National Audio Show 2016, Whittlebury Hall

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National Audio Show 2016, Whittlebury Hall

Just within earshot of Silverstone racetrack, the Whittlebury Hall spa hotel has been the mid-September venue for the UK’s National Audio Show for several years. Although originally one of the leaders in the audio show race, in recent years the show seems to have been stuck in the pit lane, but this year it broke down at the first turn. The show, a fraction of the size on previous years, still had new and exciting products from manufacturers, distributors, and retailers showing their products in the best possible light, and there were still many visitors attending the show on the Saturday, but there was a pervading sense of the show being somewhat ‘played out’ and possibly a rethink of both the show and venue may be in order.

In fairness to the show organisers, some of this comes down to an increasing number of rooms that used to be allocated to exhibitors are now off-limits, as they have been taken over as office space by the University of Buckingham’s School of Education. This not only limits the number of rooms available, but also extends the gap between the entrance suite (where stands and the headphone zone was housed) and the main rooms. But regardless, the show was smaller than ever this year.

However, there were new products, and even a few new brands, at the show. One of the most interesting was Code Audio, a company minted earlier this year showing both its entry-level System One and its soon-to-be-release modular System Two. Both use DSP-controlled active loudspeakers and an amplifier system. The upgradable System Two begins with active two-way, three driver bookshelves, then adds anything from one to four bass units per side depending on taste and room size. Prices start from around £3,500 for System One, with System Two prices still to be confirmed.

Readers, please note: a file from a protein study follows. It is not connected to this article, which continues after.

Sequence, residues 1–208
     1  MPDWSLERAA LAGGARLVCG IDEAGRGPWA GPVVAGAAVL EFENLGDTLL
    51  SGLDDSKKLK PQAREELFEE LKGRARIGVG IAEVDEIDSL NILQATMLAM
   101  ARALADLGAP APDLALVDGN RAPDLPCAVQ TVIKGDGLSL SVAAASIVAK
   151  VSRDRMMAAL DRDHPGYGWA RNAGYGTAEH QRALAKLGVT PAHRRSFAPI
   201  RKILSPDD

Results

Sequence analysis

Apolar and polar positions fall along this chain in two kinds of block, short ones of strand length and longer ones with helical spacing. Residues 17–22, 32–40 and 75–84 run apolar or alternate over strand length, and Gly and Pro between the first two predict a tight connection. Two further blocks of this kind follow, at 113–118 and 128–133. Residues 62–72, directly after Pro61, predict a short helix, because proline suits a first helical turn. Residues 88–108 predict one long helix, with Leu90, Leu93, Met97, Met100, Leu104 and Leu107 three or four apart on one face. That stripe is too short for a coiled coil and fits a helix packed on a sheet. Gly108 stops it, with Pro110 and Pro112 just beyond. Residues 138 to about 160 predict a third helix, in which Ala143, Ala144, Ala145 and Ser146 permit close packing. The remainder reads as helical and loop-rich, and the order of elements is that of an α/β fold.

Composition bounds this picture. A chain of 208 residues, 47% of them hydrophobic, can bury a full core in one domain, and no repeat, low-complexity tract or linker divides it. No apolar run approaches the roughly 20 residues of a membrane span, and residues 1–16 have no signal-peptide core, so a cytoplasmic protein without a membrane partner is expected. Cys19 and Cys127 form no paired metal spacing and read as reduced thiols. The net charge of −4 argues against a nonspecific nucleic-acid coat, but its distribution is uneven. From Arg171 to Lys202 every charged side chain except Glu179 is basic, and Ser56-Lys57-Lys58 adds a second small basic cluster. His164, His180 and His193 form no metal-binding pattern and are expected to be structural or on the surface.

Founded last year but brand new to the UK, Arendal Sound (named after the Norwegian city the brand hails from) makes a simple range of speakers named ‘1723 Series’ (a big year for the city of Arendal, apparently). Alongside the trio of subwoofers, the surround and centre-channel loudspeaker (called, appropriately enough Subwoofer 1, 2, and 3, Surround, and Center), the brand makes a floorstanding tower called ‘Tower’, a standmount monitor called ‘Monitor’ and an accompanying stand called ‘Stand’. These well-made and solid speakers, demonstrated by Man 1, Man 2, and Man 3 from Arendal, were sounding clean and refined, and were allegedly almost unbreakable under normal use. Best of all, the Monitor cost £1,400 per pair and the Tower just £2,350.

The other new face on the scene was Onkk, a UK manufacturer of a very promising looking and sounding Cue direct drive turntable. Priced at £16,000 without arm (or £20,000 with custom finished Origin Live arm, Onkk’s own arm is expected next year), the Cue is made by a high-end horologist and has some extremely solid mechanical engineering behind the design. Of particular note is the use of a high-grade ceramic bearing, a pistonic suspension system, and DSP speed control, which can fine-tune speed to within 1/100th of a revolution per minute and save that speed to memory for the next time that recording is played. This is just the first of several designs from the company. Watch this space.

Wall of Music is also a new brand, coming out of Eastern Europe via Northern Ireland. Its Prelude loudspeaker is a thin, open baffle design featuring a single high-frequency driver, a single midrange driver, and 16 low-frequency drivers per side, all for somewhere between £3,700-£4,000 per pair). Unfortunately, more information was not available due to a fairly significant language barrier, and no further information either in print or on-line, but such is the nature of audio start ups in 2016!

One of the more exciting new products from an existing brand was the £18,500 DS Audio DS-Master 1 cartridge and equaliser package. Building on the existing DS-1 light-driven cartridge, this new reference grade component uses a substantially improved equaliser (with higher grade components, and about five times the weight of its more ‘entry level’ brother), design improvements to the cartridge itself, and a fetching shade of purple light show. This proved an exciting sounding component in the great Clearaudio/GamuT/IsoTek-based system in the Sound Fowndations room.

Vertex AQ has been quietly busy of late, and showed off both a new £8,950 65W Class AB AP-60 power amplifier and a £9,950 sealed box, single-driver Beech Ply FRS-8 loudspeaker, both in the Aletheia range. As might be expected from the brand, both pay extremely careful attention to drain paths, EM and RF interference, power feed, and all other aspects of the company’s Systematic Approach to equipment design.

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